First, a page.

The government’s changes and treatment from the nobility negatively affected the peasantry, while the gentry viewed enclosure as advantageous. However, both the Pilgrimage of Grace (1536) and Western Rebellion (1549) demonstrated that economic and social problems were only one factor that contributed to these uprisings. The Pilgrimage of Grace was sparked by enclosures, as stated in the 1536 Pontefract article, whereas the Western Rebellion centered around rack-renting and sheep tax.

The issue in Pilgrimage of Grace was similar to Kett’s and Oxfordshire. The rebels protested against the nobility due to illegal enclosures. In Yorkshire and Cumberland, the rebels destroyed hedges to retaliate against the Earl of Cumberland, who had enclosed his tenants’ lands and deprived them of grazing rights. In Western, the peasants suffered from increased taxes while the nobility benefited from the dissolution of monasteries. Religion also played a major role in this rebellion, as it caused additional problems.

The Tudors initially avoided economic and social discontent by exerting control over the nobility’s power and land ownership. However, Mary encountered challenges related to religion, while Elizabeth did not consider the issue of enclosure a threat as Oxfordshire failed to garner support. The magnitude of enclosure problems during Edward’s reign was minimized as he was a minor and lacked sufficient control over the issues at hand.

The main cause for some rebellions was the economic issue and resentment towards the gentry. However, these rebellions also gathered popular support due to the widespread economic problems faced by Tudor England. While economic and social issues were predominant, not everyone was motivated solely by these factors. Some rebellions may have used economic problems and resentment towards the gentry as secondary causes, but they may have been driven by other factors as well, such as factionalism.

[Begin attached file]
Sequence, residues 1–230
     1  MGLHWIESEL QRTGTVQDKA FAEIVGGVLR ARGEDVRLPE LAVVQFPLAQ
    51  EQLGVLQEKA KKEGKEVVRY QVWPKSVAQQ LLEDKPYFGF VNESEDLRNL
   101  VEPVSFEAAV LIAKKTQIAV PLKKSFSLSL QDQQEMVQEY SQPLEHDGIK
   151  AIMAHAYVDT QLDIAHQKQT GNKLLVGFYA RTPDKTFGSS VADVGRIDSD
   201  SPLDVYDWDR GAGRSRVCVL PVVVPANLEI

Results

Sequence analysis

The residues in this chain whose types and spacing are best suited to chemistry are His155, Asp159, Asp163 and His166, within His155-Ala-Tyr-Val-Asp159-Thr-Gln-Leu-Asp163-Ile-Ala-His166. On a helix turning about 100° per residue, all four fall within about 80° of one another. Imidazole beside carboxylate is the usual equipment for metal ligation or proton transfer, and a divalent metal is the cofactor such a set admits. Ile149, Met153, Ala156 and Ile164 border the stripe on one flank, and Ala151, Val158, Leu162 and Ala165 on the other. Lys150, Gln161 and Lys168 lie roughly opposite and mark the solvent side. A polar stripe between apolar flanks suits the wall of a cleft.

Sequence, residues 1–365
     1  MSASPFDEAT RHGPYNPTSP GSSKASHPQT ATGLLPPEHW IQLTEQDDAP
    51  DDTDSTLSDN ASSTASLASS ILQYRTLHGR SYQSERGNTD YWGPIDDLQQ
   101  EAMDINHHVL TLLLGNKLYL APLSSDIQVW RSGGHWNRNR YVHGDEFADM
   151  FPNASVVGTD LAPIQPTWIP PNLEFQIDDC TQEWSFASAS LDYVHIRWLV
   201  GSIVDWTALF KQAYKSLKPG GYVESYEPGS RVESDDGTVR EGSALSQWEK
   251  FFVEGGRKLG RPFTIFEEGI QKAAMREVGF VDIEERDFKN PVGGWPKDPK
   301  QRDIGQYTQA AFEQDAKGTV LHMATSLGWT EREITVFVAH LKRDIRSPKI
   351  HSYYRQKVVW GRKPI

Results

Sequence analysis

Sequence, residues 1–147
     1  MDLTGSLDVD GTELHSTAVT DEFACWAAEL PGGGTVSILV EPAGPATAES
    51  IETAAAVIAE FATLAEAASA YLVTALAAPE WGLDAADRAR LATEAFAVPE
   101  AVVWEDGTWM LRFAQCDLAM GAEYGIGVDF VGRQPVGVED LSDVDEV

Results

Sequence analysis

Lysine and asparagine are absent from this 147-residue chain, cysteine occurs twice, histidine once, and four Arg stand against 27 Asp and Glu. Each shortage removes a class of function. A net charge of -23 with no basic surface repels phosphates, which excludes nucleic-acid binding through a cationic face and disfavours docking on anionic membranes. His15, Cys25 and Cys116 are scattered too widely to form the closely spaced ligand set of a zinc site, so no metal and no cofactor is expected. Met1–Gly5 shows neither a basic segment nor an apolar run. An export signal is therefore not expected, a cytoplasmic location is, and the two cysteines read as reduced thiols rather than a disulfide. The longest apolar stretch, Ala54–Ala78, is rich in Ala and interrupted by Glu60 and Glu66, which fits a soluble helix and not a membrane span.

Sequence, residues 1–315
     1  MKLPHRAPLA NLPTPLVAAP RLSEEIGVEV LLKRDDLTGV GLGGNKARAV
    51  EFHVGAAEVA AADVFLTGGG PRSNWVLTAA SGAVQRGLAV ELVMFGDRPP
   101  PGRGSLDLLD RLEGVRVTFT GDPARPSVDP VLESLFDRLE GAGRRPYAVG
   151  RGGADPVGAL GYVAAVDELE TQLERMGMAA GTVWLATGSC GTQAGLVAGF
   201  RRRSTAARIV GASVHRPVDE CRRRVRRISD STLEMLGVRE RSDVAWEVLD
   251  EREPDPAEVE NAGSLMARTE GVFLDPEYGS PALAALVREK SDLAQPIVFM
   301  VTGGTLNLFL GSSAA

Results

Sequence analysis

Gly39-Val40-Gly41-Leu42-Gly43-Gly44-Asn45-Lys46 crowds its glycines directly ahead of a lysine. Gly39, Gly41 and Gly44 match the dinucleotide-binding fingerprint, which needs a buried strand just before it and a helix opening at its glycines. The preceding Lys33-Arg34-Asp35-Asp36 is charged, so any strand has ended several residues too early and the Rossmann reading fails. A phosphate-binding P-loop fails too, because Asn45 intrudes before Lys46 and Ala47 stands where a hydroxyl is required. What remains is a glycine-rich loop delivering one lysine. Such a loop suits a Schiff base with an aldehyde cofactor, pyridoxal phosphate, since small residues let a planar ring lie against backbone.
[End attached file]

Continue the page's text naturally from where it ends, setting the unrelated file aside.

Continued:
Examples of rebellions caused by faction include Warbeck (1491-7) and Simnel (1486-7), Essex (1601), the Northern Earls (1569), Wyatt (1554), and the Devise for succession (1553). Warbeck and Simnel were individuals who falsely claimed the throne in an attempt to overthrow Henry VII. They received backing from prominent Yorkists like John de la Pole, Earl of Lincoln, and Sir Edward Brampton, a sympathizer of the Yorkist cause. Additionally, both pretenders garnered support domestically as well as receiving assistance from Scotland and Burgundy, facilitated by Margaret of Burgundy.

On the other hand, Mary encountered factional problems. The Devise sought to exclude Mary from the succession and favored Lady Jane Grey to hold onto power. This caused Wyatt’s rebellion as Mary’s ascension to the throne would result in Elizabeth being excluded and Catholicism ruling England. Additionally, parliament seats would be given to Spaniards. Unlike Simnel and Warbeck, Wyatt did not intend to overthrow Mary, but rather wanted to prevent any changes she may bring about.

One difference is that Wyatt was able to attract national support and was not seen as threatening as Simnel and Warbeck. Furthermore, there were other rebellions that occurred during the last years of the Tudors. Two factional rebellions took place under Elizabeth’s reign. The revolt of the Northern Earls, caused by Northumberland and Cumberland against William Cecil, was one such rebellion. Similarly, the Pilgrimage of Grace had a subsidiary cause of faction. Henry’s divorce with Catherine of Aragon and disinheritance of Mary alarmed the Aragonist faction, as it implied they would lose power in court without Catherine or Mary on the crown.